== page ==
Monday, November 19, 2018


“Who you looking for?”

I turned from the door I had just knocked on. Parked at the curb in front of the house was a pickup truck, and sitting in the passenger seat was a young African-American guy. I told him the name of the woman that was on my sheet.

“She’s at work.”

“You know if she’s planning to vote?”

“Nah, I don’t think so.”

I left a couple of doorhangers on the knob and walked toward the truck. “How about you,” I asked. “Are you going to vote?”


“Why not?”

“Don’t seem to change much.”

This was not a conversation I imagined for myself when I decided to volunteer this election season. This conversation was, in fact, the furthest thing from my mind.

But let me back up.

Sometime early in 2018, I told myself that I was going to do something more for the midterm elections than just vote and fume at the news on my phone or TV. I wanted to contribute—money, time, whatever—instead of sit on the sidelines and maybe wonder on the morning of November 7th if I could have done more. So in September I came across a group via Twitter—“Flip the 49th – Neighbors in Action,” which was mobilizing efforts to turn my congressional district from red to blue by getting Mike Levin more votes than his republican opponent.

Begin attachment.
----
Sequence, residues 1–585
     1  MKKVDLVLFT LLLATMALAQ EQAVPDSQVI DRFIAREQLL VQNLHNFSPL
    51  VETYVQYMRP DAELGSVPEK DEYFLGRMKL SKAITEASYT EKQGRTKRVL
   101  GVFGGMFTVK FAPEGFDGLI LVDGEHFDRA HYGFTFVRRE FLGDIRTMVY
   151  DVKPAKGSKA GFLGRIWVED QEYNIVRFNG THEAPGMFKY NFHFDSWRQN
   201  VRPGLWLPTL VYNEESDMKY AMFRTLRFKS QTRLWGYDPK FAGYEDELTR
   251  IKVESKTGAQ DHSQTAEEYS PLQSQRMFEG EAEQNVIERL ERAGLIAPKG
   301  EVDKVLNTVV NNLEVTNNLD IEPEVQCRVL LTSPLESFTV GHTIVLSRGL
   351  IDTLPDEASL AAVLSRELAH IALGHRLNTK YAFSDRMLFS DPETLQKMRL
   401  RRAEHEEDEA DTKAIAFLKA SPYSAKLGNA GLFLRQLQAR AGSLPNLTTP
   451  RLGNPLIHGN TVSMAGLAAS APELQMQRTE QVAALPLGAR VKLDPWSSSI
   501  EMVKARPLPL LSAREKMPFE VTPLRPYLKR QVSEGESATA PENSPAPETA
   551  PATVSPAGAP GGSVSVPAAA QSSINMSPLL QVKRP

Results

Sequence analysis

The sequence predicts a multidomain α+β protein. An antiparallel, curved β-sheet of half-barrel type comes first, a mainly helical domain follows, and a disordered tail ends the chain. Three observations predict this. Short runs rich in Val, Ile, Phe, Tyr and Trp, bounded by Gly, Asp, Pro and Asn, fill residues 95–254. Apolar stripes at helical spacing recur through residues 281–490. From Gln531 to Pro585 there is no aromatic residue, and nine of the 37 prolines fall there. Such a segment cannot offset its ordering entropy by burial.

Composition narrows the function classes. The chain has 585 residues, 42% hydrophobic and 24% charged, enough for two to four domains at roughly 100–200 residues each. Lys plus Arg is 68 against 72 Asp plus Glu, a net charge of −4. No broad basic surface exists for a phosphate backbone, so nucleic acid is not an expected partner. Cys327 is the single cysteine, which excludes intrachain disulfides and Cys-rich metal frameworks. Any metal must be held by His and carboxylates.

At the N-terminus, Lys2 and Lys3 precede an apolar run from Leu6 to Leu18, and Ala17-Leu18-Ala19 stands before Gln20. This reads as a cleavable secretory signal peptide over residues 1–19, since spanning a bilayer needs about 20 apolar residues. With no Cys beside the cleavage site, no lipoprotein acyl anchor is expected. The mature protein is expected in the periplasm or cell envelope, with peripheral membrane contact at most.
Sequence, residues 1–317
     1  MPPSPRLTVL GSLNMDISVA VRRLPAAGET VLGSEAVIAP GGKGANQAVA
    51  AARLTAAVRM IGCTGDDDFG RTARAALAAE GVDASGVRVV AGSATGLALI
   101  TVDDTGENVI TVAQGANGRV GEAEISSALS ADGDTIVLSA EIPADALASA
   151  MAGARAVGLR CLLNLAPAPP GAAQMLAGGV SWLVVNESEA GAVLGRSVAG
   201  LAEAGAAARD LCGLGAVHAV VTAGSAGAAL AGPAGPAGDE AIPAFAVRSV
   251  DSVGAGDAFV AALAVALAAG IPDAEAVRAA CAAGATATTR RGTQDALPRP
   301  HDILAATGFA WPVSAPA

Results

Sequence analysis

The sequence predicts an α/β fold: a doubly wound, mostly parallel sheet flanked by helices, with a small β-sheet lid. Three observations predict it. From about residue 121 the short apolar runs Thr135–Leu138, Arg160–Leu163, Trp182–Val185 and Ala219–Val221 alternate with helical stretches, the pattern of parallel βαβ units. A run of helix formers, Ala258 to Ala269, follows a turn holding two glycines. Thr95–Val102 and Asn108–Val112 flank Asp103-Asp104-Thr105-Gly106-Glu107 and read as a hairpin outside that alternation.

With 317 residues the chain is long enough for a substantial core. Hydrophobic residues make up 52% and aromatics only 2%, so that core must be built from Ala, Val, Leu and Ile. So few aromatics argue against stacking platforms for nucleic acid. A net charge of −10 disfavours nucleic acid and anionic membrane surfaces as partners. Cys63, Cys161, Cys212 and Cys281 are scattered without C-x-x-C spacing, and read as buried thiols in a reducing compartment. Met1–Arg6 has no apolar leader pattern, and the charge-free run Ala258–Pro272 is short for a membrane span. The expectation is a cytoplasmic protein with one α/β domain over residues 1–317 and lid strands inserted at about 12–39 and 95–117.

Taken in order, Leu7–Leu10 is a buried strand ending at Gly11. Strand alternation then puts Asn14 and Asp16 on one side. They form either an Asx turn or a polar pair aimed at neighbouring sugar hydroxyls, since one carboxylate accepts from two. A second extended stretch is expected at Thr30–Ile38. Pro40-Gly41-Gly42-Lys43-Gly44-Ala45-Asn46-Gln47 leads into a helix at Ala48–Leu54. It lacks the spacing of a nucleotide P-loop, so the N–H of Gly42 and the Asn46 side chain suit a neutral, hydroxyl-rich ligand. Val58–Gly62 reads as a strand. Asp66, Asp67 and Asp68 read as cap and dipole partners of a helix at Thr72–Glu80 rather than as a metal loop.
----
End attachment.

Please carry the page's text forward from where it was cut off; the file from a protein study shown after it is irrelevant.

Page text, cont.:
The people there were amazing. Lots of energy, and not just from the young men and women who did the bulk of the organizing, but also from the rank-and-file workers, many of whom were retired and spending the equivalent of a full-time job in the office, on the phones, or on the streets knocking on doors. It was a broad-based coalition that included various area union members as well as a passionate group of suburban women who were members of “Moms Demand Action,” a group committed to stronger gun control laws. At every turn, I was inspired by the spirit of activism and the dedication to devote one’s time and energy toward positive change.